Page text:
Hong Kong leader Carrie Lam defends HK$500 billion mega reclamation project near Lautau, but not everyone is convinced

While Chief Executive Carrie Lam defends “Lantau Tomorrow Vision”, some say Hong Kong is in danger of losing all of its reserves

Wong Tsui-kai |

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A new megaproject called “Lantau Tomorrow Vision”, which was included in Chief Executive Carrie Lam Cheng Yuet-ngor’s policy address last Wednesday, is expected to use up a significant portion of the city’s HK$1 trillion fiscal reserves.

While no official figures have been announced yet, the project is expected to cost HK$400-HK$500 billion, around half the reserves, according to government sources. The scheme involves large-scale land reclamation off Lantau Island.

However, some people, such as Roy Tam Hoi-pong, chief executive of the environmental group Green Sense, and Edward Yiu Chung-yim, former lawmaker representing the architectural, surveying, planning and landscape sector, said the project could take up all of the city’s fiscal reserves.

Carrie Lam promises more funding for students and housing, and new safeguards for public health in 2018 policy address

At a RTHK phone-in programme last Friday, Lam defended her plan, saying “Reclamation to create new land for Hong Kong is unavoidable”. She added that, as chief executive, she had to find a way for Hong Kong to increase its land supply.

“Whether we want to have a more sustainable and assured supply of land is an issue that … the chief executive cannot shirk responsibility for,” she said.

Professor Linda Li Che-lan of City University believes the problem is affordability and distribution of the land, and that Hong Kong can afford the project. “There is a general consensus that we need land. No doubt about it,” she said. “I think the core problem is mistrust and a lack of confidence in the government to use the land for the people.”

Lam has defended the project as the only way forward.
Photo: Nora Tam/SCMP

She suggests the government monitor how the land is developed and consider introducing new laws before launching the Lantau project. To regain public confidence, Li said the government should fulfil its promise to use 70 per cent of the land for public housing.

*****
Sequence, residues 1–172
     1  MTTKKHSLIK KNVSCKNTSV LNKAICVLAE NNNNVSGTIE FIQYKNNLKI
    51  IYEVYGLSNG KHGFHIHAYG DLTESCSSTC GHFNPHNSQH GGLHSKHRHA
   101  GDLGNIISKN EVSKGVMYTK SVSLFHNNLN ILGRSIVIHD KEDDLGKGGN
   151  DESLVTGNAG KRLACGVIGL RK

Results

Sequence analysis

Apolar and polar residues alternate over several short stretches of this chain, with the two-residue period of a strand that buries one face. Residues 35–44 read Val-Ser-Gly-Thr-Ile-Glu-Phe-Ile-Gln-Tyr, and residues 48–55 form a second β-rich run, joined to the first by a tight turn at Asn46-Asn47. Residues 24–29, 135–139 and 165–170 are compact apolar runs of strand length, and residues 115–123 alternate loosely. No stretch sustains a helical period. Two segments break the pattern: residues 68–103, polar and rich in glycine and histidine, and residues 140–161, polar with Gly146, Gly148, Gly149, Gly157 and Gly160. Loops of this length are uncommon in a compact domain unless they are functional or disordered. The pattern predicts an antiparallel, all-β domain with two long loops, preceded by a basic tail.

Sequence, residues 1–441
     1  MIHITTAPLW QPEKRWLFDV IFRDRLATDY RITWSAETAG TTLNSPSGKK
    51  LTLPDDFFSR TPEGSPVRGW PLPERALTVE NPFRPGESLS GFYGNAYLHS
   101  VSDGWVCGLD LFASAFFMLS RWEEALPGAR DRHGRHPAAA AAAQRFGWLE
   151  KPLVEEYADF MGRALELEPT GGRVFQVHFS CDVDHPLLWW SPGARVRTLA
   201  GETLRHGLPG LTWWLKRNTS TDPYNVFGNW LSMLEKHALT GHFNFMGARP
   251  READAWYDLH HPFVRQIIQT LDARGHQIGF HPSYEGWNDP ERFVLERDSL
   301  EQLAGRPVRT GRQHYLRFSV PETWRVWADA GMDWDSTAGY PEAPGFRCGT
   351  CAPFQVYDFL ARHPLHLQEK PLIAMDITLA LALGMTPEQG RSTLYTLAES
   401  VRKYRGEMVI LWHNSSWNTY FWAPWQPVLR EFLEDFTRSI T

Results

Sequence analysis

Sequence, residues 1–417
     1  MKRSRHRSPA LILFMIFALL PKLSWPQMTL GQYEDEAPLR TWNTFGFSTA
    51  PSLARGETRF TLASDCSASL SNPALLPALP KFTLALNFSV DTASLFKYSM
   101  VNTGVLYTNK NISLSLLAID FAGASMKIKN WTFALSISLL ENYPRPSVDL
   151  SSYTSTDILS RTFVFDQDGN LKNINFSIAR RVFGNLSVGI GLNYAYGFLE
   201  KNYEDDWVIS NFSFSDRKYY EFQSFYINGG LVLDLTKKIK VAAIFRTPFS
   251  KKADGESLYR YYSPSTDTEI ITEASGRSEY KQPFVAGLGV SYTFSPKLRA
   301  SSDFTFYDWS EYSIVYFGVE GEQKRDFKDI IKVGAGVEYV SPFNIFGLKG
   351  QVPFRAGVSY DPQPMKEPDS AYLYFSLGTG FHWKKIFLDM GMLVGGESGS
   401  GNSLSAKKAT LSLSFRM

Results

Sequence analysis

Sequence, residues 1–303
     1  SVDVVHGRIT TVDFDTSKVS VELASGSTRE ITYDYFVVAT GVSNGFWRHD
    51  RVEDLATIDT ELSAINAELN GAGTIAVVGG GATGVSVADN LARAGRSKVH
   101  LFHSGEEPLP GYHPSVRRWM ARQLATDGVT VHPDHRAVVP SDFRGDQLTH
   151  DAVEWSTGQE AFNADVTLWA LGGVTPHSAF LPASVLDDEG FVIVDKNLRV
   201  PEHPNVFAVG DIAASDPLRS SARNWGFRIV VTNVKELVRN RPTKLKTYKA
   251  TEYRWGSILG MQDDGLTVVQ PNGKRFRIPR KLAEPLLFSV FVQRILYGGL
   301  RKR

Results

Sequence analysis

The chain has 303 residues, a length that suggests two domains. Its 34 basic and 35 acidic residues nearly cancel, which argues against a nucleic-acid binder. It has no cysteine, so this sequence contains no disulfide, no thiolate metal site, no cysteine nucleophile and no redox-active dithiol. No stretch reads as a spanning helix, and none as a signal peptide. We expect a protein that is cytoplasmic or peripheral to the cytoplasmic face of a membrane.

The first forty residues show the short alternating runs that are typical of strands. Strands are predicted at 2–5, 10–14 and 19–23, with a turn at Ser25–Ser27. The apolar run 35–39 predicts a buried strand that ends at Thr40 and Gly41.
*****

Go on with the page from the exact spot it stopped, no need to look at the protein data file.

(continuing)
However, Eunice Yip, 18, from Shue Yan University, opposed the plan. “Land reclamation will not do much good to Hongkongers,” Yip said. “The problem isn’t that we don’t have enough land, it is how we use it. A lot of unused lands are brownfields and [land grants for New Territories small-house policy], and yet the government wasn’t using them.

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“Also, still giving out 150 passes daily to the mainlanders is insane. Hong Kong is already crowded and the government thinks it isn’t a problem.”

Claire Tse Man-ching, 14, of Pope Paul VI College is also concerned about the massive cost. “I am worried that spending most of the financial reserves will lead to the government to not having enough money for the elderly when my parents get old. They will have serious financial difficulties if I don’t have enough money for both my family and me.”

However, some remain optimistic. Cindy Tam Pui-shan, 17 from Methodist College is worried about the lack of fiscal reserves but she also says “Putting aside the worry of whether the blueprint of the project can literally be achieved, I do think the Lantau Island project is a good plan for Hong Kong future development. It is good idea that can solve the city’s housing issues.”

Edited by M. J. Premaratne